Quarterback Matthew Stafford injures thumb, but Rams not sharing status yet

Rams starting quarterback Matthew Stafford looks to pass during camp practice.
Rams starting quarterback Matthew Stafford injured his thumb Monday, but there is no official announcement to address how badly.
(Gina Ferazzi / Los Angeles Times)

Rams quarterback Matthew Stafford slammed his surgically repaired right thumb into a defender’s helmet during a throw Monday, ending his day early and leaving the Rams’ sideline to hold its collective breath.

The Rams had no substantive update on Stafford’s status after practice, but Rams coach Sean McVay said he was hopeful “everything will be OK there.”

“We’ll see,” McVay said. “He’s so tough as it is. Look at what he played through all last year to get the thumb cleaned up. He’s a tough guy. We’ll see what they say and take it one day at a time.”


Stafford had surgery to repair a partially torn ligament in his right thumb in early March, shortly after the Rams acquired him from the Detroit Lions in a blockbuster trade that included two first-round picks and quarterback Jared Goff.

It was just the latest in a laundry list of minor injuries for the veteran quarterback, several of which also have been to his throwing hand. But Stafford didn’t miss any of the Rams’ offseason workouts and he came into training camp without any concerns about the injury lingering.

The absence of backup quarterback John Wolford at Rams training camp has given Devlin Hodges a chance to show off his skills.

Aug. 4, 2021

That history — along with the recent season-ending Achilles injury to running back Cam Akers — made Monday’s scene particularly unsettling as the quarterback grimaced and held his right hand on his way to the sideline. Rams trainer Reggie Scott wrapped the thumb, and Stafford remained on the sideline, clutching a towel in that right hand.

Stafford didn’t return to action, as backup quarterback John Wolford led the first-team offense for the remainder of practice. As Stafford left the field, he gripped his helmet with his right hand.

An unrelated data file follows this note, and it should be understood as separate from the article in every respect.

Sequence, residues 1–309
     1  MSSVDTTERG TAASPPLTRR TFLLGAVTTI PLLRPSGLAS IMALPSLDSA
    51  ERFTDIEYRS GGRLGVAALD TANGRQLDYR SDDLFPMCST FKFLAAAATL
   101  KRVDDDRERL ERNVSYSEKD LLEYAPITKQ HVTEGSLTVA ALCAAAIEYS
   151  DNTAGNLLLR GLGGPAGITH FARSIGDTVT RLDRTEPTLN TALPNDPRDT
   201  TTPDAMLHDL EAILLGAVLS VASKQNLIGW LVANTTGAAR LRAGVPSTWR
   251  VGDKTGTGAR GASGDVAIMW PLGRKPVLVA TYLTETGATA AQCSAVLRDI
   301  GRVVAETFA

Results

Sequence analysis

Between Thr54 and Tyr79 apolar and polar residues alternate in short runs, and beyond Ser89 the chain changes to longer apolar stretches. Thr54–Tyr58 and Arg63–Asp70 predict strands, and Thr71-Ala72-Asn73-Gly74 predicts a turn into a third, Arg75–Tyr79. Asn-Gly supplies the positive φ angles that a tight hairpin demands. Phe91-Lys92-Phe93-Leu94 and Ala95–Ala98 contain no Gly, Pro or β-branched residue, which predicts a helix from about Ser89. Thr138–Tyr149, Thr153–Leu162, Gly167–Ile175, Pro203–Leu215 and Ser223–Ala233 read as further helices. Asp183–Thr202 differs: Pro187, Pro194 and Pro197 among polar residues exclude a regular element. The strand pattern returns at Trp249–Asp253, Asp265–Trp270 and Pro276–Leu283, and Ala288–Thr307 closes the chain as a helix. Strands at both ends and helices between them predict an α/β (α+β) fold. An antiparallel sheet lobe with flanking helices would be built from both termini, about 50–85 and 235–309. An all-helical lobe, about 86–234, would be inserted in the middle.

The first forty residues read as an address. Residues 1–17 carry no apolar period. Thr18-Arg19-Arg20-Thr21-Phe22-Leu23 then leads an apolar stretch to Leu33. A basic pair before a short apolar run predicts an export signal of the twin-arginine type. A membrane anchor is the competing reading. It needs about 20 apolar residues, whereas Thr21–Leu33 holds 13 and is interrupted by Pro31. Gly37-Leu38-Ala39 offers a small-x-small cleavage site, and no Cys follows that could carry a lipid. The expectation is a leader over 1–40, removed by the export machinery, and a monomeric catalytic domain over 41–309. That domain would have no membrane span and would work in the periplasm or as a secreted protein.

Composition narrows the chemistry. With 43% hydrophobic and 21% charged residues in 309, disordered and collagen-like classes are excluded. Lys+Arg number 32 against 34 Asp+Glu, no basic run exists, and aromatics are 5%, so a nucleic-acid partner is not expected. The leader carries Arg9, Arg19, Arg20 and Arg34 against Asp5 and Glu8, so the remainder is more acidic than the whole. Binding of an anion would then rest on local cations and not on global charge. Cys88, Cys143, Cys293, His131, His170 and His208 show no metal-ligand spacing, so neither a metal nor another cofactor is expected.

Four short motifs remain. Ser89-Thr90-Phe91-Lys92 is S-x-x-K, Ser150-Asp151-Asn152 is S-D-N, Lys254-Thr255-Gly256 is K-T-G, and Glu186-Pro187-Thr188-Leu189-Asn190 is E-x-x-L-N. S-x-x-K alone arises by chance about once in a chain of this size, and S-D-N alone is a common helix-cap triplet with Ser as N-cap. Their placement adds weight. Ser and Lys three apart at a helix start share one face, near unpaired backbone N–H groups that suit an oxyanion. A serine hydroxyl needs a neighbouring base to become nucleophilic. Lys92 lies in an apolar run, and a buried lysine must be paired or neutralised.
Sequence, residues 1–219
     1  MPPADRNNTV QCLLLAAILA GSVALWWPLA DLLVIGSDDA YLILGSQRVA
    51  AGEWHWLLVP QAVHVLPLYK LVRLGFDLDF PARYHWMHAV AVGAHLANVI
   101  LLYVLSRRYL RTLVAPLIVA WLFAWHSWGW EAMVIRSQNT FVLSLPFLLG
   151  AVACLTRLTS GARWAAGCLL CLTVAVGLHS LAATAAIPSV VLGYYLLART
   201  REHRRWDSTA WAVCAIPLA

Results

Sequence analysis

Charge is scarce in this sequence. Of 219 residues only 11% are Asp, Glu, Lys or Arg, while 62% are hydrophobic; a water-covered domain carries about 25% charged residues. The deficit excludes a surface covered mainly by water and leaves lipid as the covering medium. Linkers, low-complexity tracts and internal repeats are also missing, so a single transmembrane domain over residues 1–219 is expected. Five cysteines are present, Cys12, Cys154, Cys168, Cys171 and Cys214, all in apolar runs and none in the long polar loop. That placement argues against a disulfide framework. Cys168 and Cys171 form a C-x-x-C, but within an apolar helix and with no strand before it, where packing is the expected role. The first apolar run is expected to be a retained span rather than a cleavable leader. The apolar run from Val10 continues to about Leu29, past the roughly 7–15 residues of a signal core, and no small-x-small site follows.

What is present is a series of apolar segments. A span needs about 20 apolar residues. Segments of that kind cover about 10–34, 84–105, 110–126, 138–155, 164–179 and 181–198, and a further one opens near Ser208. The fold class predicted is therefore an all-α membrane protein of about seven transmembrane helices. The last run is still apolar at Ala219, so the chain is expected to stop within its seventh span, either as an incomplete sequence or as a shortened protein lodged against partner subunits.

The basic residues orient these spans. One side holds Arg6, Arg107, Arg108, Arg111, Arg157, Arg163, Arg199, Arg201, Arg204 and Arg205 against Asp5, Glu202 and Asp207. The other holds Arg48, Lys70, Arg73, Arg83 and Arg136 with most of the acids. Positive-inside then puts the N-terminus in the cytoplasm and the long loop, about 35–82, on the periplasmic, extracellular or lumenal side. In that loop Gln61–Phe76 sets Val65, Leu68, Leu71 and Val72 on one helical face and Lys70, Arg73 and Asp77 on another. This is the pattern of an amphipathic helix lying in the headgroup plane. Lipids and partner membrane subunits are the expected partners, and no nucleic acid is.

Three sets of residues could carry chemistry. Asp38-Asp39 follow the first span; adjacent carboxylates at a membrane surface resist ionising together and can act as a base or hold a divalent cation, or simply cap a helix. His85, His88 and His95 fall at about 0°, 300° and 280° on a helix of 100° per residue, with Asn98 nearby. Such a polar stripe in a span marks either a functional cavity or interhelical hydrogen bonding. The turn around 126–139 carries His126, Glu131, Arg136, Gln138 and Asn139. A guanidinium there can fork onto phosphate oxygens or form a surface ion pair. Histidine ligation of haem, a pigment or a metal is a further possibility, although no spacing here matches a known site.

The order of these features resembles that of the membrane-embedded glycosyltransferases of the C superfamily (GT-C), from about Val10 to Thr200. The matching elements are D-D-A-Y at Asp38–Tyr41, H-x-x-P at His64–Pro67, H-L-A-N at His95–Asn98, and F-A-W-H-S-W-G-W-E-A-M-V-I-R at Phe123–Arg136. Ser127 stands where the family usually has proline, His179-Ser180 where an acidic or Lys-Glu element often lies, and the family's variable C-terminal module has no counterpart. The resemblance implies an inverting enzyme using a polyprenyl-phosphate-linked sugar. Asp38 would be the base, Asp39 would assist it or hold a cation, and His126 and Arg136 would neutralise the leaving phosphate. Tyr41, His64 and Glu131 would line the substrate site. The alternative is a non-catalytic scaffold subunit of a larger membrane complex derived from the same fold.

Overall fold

After practice, McVay bemoaned that he hadn’t done more to protect his quarterback from such an accident.


“It’s one of those things where I’m saying to myself, I feel stupid that I didn’t implement some of the things to prevent that,” McVay said. “I’ve seen some teams around the league where they have those shells on the helmets, where you can soften the blow if you come down on top of it. It’s one of those things where you hope you don’t have to learn the hard way.”

It’s been a particularly painful few years for Stafford, as he has dealt with a multitude of injuries over the course of his final seasons in Detroit. Stafford told the Detroit Free Press in February that, during the last season alone, he played through the partially torn ligament in his thumb, a torn ligament in his left elbow, a broken rib and a right ankle sprain. He still started all 16 games.

Stafford suffered the torn ligament in his thumb during a Nov. 15 matchup with Washington but still completed 24 of 33 passes for 276 yards and three touchdowns in a 30-27 win.

If Matthew Stafford is going to bring excitement to the Rams this season, it won’t be from the podium. Where could he use some help? A running game.

July 25, 2021

In March, during a video conference with Los Angeles reporters, Stafford downplayed his reputation for playing through pain.

“I just walk through that locker room Mondays after games and see guys beat up and know that they’re going to be out there on Sunday,” Stafford said, “and if they’re going to be out there, I sure want them to know that I’m going to be out there as well.”

McVay pointed to that toughness Monday as a reason to remain hopeful, even as the status of Stafford’s thumb hung in the balance.